How do functional foods work?
Specific benefits from functional foods are diverse and extensive, but as mentioned, their most significant advantage is as protection against disease. They can enhance immune function, reduce inflammation, improve heart health, and even help protect against certain types of cancer – but how?
In short, due to their high antioxidant content, functional foods protect cells from damage by free radicals. Free radicals, unstable molecules which derive from the body’s metabolic processes or from external sources such as smoking, attack cells in our body to stabilise themselves, which damages them in a process known as oxidative stress. This damage is associated with the development of various chronic diseases, including heart disease, cancer, arthritis, stroke, respiratory diseases, neurodegenerative disorders and immune deficiency. However, the antioxidants in functional foods can neutralise these free radicals, stabilising them before they attack our cells and potentially lowering the risk of contracting these diseases.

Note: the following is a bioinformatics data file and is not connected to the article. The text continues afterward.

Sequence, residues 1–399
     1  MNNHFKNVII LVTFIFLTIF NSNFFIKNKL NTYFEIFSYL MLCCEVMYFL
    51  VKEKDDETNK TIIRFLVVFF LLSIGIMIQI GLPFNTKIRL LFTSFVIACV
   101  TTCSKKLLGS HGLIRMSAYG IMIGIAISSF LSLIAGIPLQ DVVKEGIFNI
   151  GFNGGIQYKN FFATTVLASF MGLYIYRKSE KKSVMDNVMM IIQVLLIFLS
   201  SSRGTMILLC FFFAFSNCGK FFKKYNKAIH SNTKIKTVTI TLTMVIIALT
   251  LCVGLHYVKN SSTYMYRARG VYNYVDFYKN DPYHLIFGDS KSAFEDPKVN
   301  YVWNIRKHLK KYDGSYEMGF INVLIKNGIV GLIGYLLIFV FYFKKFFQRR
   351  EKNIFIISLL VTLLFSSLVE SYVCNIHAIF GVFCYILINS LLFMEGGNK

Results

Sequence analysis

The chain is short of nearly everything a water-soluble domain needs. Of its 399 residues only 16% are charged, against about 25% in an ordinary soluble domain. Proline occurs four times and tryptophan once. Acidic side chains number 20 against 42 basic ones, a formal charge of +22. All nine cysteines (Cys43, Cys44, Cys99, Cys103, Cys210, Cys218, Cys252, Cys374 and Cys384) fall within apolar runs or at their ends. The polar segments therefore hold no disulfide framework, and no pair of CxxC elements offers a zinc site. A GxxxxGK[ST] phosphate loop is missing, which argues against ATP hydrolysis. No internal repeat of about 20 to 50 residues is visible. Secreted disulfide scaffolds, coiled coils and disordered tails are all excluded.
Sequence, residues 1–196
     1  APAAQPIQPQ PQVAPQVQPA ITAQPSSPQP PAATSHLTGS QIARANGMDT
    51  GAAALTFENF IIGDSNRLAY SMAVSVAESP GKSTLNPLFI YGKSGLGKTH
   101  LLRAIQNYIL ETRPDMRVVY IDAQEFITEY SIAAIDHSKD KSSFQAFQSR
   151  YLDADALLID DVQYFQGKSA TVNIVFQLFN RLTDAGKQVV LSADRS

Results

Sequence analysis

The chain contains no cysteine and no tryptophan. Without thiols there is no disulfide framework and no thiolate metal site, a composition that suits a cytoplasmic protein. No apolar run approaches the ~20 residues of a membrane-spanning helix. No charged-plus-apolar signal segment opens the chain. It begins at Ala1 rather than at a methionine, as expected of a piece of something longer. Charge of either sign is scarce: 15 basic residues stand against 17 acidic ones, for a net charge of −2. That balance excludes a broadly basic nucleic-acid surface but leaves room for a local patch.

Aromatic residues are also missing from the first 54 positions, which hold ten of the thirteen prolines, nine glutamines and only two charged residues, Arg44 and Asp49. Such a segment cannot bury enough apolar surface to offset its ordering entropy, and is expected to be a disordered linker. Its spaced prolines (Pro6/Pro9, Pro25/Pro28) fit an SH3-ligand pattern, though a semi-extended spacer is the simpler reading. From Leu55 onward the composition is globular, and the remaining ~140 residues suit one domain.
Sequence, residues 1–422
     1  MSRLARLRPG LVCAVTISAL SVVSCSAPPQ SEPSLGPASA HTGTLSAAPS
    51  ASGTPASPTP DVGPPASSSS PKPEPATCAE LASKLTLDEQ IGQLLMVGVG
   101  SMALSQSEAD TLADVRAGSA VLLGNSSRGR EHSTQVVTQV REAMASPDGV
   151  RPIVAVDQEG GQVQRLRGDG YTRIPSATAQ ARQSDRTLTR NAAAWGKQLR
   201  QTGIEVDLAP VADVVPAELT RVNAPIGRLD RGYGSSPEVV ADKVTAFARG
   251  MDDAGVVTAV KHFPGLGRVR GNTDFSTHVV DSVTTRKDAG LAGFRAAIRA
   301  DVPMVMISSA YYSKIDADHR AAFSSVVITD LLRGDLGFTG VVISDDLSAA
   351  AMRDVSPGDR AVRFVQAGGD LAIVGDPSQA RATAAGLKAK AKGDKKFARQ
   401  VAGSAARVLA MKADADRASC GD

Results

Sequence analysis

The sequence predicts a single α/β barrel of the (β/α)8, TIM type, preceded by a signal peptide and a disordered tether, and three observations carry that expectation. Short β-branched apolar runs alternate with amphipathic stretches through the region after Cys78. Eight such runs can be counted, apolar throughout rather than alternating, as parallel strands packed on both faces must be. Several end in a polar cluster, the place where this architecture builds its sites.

But it’s not just disease prevention that functional foods are good for – it’s also health promotion. Probiotics, polysaccharides and zinc, found in foods such as yoghurt, mushrooms and nuts, are central to promoting our digestive health by stimulating a healthy gut microbiome, which can also improve insulin sensitivity for people with diabetes or obesity. The dietary fibre in functional foods can also help promote a healthy digestive system, reducing the risk of conditions like irritable bowel syndrome and colorectal cancer by regulating the use of sugars. These in turn also have an anti-inflammatory effect. Mushrooms in particular have been used increasingly as a supplement to help increase athletic performance, helping the body to adapt to physical stress, building stamina and endurance while reducing recovery times1.
Our top ten functional foods to incorporate into your lifestyle:
1. Berries: Packed with antioxidants and fibre, berries can help reduce inflammation and improve heart health.
2. Nuts and Seeds: Rich in healthy fats, fibre, and protein, nuts and seeds can support heart health and weight management.